What is "Life Estate" on a Deed?
Often, people come to me asking if it would make sense for them to “gift” their house to their children or to a spouse for planning purposes. There are times this makes sense, and times where it does not. One of the biggest concerns that my clients have either way is that they do not want to lose the ability to live in the property if they choose to stay there. Using a type of deed called a “life estate deed,” I can give them the right to live in the property as long as they live.
A life estate deed is really just a deed (which transfers a real estate interest from one person to another) with some special language thrown in. The language creates the “life estate,” which for that person is the right to live there as long as they want to. There is also a person who owns the property subject to the life estate, and that person is called the “remainderman.” That person takes full title to the property once the holder of the life estate dies. The deed endows the Life Tenant with control of the property until the time of his/her death. They can rent the property and receive those rents, or they can live there. They can in theory “assign” that life estate to another person, who would then have the ability to live there until the original life estate holder died!
The life estate does have limitations. First, if the life estate holder dies, anyone else on the property may need to move if the new owner does not want them there. Also, a life tenant is required to keep the property up, preventing the value from wasting away. The life tenant needs to pay the taxes and maintenance expenses, commonly known as “carrying costs.” When the life tenancy of the Life Tenant terminates, the Life Estate Deed transfers ownership of the property to the remainderman.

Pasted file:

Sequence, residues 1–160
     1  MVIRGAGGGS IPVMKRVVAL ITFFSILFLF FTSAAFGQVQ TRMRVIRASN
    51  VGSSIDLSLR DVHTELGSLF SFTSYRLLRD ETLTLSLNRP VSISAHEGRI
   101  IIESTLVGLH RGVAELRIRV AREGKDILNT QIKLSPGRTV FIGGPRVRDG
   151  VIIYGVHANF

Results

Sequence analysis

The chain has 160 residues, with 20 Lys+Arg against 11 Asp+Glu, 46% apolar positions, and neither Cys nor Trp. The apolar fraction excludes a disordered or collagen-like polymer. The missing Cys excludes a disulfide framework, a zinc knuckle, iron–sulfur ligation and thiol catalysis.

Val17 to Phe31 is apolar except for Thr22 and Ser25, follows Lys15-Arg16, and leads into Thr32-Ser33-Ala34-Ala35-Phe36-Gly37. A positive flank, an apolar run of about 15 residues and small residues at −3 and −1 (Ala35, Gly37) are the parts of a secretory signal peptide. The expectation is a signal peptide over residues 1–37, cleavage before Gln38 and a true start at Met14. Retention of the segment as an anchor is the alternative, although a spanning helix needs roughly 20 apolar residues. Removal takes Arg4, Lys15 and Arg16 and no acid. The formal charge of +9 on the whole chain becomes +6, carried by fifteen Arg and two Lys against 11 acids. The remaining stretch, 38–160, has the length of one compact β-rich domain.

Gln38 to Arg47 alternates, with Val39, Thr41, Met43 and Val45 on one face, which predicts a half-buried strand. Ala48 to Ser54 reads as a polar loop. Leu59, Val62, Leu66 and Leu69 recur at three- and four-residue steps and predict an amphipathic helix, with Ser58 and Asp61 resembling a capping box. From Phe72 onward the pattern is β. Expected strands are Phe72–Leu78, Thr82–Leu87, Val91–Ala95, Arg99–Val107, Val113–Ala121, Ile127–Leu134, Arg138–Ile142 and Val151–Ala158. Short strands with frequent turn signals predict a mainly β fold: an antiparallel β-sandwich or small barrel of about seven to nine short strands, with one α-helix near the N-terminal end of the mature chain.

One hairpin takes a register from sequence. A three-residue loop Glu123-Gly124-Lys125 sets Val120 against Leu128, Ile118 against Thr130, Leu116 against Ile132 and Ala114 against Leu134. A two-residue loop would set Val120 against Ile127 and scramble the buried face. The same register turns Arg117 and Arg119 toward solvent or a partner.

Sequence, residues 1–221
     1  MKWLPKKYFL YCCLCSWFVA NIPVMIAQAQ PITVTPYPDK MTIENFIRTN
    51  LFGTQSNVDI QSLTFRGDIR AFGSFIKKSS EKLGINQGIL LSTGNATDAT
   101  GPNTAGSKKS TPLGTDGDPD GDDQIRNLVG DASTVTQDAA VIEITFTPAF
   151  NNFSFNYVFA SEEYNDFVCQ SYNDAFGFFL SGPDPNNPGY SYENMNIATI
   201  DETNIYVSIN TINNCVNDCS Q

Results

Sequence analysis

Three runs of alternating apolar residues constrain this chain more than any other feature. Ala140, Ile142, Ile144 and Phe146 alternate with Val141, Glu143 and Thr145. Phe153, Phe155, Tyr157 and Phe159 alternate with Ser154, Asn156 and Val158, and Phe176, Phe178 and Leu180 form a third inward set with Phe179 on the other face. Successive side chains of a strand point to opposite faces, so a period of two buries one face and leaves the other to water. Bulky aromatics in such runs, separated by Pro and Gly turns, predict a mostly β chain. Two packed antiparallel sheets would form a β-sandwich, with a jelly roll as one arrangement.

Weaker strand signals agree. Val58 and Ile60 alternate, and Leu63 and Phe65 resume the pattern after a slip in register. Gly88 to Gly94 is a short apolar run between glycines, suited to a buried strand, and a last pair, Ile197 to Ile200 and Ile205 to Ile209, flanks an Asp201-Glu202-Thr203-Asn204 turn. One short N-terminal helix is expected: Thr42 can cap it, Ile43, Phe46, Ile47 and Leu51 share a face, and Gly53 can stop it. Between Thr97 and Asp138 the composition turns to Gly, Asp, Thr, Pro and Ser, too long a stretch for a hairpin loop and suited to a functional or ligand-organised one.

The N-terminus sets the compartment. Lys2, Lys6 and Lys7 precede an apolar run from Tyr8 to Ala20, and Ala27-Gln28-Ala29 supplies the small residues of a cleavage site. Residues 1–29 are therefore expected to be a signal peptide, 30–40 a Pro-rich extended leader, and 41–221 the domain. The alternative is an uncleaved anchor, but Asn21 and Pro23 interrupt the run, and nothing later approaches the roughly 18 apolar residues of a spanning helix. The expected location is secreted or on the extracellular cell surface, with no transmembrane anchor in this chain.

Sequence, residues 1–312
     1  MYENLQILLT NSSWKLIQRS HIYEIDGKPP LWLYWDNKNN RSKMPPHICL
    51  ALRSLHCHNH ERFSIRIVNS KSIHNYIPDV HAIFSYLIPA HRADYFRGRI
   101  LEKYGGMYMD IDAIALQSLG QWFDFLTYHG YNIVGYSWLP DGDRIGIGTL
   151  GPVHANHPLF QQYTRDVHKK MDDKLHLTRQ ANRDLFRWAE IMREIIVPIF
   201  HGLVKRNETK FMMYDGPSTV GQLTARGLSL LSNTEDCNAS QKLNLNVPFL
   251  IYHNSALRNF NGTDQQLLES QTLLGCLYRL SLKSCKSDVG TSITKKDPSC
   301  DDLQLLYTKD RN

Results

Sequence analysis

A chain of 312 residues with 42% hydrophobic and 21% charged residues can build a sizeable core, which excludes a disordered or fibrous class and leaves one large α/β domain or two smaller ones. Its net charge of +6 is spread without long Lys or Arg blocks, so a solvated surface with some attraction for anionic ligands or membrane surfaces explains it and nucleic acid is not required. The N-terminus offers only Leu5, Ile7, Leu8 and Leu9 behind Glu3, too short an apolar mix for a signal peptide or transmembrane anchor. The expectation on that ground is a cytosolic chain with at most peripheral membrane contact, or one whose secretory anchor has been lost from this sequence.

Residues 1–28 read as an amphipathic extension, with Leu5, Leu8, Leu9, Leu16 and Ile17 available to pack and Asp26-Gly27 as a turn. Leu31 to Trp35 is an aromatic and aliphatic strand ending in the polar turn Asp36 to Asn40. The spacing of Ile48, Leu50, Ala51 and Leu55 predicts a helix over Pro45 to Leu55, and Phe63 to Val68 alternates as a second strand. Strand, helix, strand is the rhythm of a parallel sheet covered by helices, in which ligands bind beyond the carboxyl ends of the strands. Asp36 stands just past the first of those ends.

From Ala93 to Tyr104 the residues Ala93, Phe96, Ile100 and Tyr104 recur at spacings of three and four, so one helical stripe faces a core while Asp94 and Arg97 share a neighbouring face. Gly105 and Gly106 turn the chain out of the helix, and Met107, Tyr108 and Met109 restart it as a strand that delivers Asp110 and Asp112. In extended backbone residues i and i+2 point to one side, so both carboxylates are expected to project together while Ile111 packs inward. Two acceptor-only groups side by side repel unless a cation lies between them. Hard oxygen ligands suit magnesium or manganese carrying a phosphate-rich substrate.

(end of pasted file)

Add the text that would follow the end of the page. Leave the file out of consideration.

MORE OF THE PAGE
Whether it makes sense in anyone's specific circumstances to take a “life estate deed” would be a question to ask an attorney. There are good asset planning reasons why for some people it would be a great move, whereas for others it could be the kind of mistake that would cost family members many thousands of dollars paid to either a nursing home or to the federal and state taxing authorities. It is a wonderful idea to understand the tax and estate circumstances of the transfer before signing the document. In my practice, I often explain to my clients that the documents are the easy part – it's understanding what is in them and how they work where I am of the most value.
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